No matter your industry or the nature of your work, consistent communication between team members is key to getting the job done right and on time. This also rings true on the job sites our customers work on: construction sites, surface mines and quarries, and landfills. Maintaining a solid line of dialogue between the office and the field is challenging no matter the distance, number of workers involved, or nature of the information being communicated.
We recently introduced a few ways to help our customers more easily share site maps and survey data to combat some of the communication difficulties inherent to any worksite. These include:
1. Crew, an add-on to the Propeller Platform that lets users create customized aerial maps with special overlays (linework, cut/fill remainders, design specs). Platform users can share them with their colleagues by sending them a custom URL that will take them to a browser-based version of the map.
2. View-only mode, a limited permission level for the Propeller Platform you can grant subcontractors, clients, and other third parties. View-only users can check out your most recent site maps, but are restricted from seeing or exporting things like measurements and design files.
3. PDF file exports, an easy way to distribute high-resolution, 2D versions of your site maps with whatever information you want.
With improved communication an ongoing project for us, we decided to make that the focus of this month’s Propeller Asks question:
How do you deliver information from the office to field, and what obstacles do you face with that communication?
Among the 80+ answers we received, four obvious trends emerged. Here, in descending order, are the most frequently mentioned communication issues respondents said their worksites suffer from:
1. We don’t have a good way to quickly share the most up-to-date information
Worksites are fast-paced, constantly changing environments, no matter the industry. Every day, stakeholders’ priorities change, resources are reallocated, new surveys are completed. A hundred other things take place that change what needs to happen on the ground.
It came as no surprise to us that the need to keep everyone on site informed of the most recent plans was the biggest trend in the responses we received. These are just a small sampling of the comments we received:
“Obstacles include constant drawing revisions and mistakes from not having everyone updated.”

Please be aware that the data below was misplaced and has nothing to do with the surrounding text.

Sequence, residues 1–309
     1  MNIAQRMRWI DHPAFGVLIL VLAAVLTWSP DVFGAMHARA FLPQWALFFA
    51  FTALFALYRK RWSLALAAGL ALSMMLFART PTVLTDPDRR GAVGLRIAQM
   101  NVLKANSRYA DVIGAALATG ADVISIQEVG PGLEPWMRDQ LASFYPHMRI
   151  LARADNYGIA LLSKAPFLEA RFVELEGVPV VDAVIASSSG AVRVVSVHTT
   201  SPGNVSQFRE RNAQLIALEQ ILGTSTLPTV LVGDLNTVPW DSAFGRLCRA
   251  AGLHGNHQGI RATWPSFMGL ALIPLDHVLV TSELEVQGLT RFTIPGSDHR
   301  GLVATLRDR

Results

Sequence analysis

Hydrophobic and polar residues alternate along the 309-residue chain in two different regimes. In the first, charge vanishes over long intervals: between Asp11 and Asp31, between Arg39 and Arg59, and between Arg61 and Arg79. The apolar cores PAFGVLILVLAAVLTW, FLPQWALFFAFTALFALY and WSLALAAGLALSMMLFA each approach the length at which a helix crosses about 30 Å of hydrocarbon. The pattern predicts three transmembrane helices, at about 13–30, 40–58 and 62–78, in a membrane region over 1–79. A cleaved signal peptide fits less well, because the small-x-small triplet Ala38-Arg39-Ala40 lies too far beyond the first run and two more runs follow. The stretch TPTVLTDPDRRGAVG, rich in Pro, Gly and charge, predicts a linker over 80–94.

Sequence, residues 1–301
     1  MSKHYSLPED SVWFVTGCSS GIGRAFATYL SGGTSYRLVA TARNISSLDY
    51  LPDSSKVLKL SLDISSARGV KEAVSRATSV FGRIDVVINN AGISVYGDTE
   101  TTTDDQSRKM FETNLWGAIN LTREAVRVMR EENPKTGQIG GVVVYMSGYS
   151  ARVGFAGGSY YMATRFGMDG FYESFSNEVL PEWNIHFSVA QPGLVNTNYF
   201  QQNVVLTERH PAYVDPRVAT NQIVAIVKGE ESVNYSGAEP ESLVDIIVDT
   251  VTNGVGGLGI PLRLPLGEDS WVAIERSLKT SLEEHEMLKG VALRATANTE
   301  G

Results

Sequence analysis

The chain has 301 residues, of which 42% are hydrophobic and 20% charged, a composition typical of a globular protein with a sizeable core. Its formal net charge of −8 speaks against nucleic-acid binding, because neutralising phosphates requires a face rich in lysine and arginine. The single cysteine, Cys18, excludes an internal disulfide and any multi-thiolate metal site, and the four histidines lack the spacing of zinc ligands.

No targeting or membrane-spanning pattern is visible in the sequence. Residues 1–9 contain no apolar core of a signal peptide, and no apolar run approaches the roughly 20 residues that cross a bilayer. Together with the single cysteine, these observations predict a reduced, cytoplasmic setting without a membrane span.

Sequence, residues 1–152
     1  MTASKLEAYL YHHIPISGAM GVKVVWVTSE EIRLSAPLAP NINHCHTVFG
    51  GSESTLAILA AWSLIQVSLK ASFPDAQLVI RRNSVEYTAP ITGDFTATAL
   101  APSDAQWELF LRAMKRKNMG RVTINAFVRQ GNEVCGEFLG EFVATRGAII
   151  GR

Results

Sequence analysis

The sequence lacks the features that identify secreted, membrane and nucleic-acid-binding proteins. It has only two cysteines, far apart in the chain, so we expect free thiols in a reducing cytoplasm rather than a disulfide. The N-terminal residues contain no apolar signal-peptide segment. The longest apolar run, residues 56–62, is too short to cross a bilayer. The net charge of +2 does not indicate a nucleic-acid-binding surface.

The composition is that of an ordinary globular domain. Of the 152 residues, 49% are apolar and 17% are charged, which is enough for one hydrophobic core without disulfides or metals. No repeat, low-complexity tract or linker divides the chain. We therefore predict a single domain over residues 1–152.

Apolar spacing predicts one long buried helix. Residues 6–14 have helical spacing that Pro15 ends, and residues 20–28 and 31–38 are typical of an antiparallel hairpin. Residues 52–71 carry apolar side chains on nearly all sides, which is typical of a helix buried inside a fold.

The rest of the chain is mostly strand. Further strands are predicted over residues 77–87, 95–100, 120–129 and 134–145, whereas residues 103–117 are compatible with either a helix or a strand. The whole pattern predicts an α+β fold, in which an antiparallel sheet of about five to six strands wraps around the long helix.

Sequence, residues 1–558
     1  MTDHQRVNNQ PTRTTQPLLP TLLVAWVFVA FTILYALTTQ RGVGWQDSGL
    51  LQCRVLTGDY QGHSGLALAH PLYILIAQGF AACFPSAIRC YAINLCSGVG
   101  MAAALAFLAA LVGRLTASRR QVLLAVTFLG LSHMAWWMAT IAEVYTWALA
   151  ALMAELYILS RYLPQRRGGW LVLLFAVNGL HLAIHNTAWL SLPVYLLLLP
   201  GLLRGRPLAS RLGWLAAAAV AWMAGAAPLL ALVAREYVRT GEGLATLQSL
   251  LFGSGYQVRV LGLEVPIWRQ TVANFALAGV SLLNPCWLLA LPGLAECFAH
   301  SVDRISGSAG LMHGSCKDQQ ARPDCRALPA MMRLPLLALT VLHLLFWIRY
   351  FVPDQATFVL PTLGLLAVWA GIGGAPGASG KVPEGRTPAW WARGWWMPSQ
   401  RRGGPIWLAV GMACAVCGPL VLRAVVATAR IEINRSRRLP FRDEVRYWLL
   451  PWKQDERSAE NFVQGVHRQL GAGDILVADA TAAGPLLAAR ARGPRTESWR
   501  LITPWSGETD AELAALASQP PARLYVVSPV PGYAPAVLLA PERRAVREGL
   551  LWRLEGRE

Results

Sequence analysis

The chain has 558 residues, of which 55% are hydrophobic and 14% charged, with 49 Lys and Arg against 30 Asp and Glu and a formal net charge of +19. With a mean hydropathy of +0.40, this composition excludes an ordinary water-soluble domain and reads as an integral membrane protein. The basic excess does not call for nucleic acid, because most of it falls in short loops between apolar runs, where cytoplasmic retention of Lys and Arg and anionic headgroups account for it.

“The biggest challenge is getting the latest drawings and documents in the hands of the people on site.”
“Not all teams are operating off the same info all the time. That creates a headache for me when I have to get everyone on the same page hours later.”
Several people said their primary method of sharing site maps and instructions is through printed documents. Those obviously take longer to distribute and are more costly than digital means.
Not having a way to update everyone in real time isn’t an issue specific to construction sites or other large-scale work environments. But it can be especially detrimental to them. It costs companies a lot of money when their people and machines are in the wrong place doing the wrong jobs.
2. We have too many ways to share information
While many people reported not having an effective way to communicate new information in a timely fashion, some said they actually have too many methods.
“Keeping track of the latest info” was the biggest issue on site according to one senior business development manager. He said he frequently finds himself asking the question, “Did you look in all of the places that the information would have been shared?”
There’s certainly no shortage of data-sharing and communication platforms for worksites to utilize. In addition to industry-specific tools like BIM360, our respondents mentioned WeTransfer, OneNote, Google Drive, MS Teams, Skype for Business, and Dropbox. And, usually, they didn’t mention just one.
On top of that, almost all the respondents who mentioned using at least one of those communication platforms said their teams also leverage email, texting, and phone calls to share information. And there’s usually with no rhyme or reason for which medium is used for which purpose. One person even mentioned occasionally communicating through “social platforms.”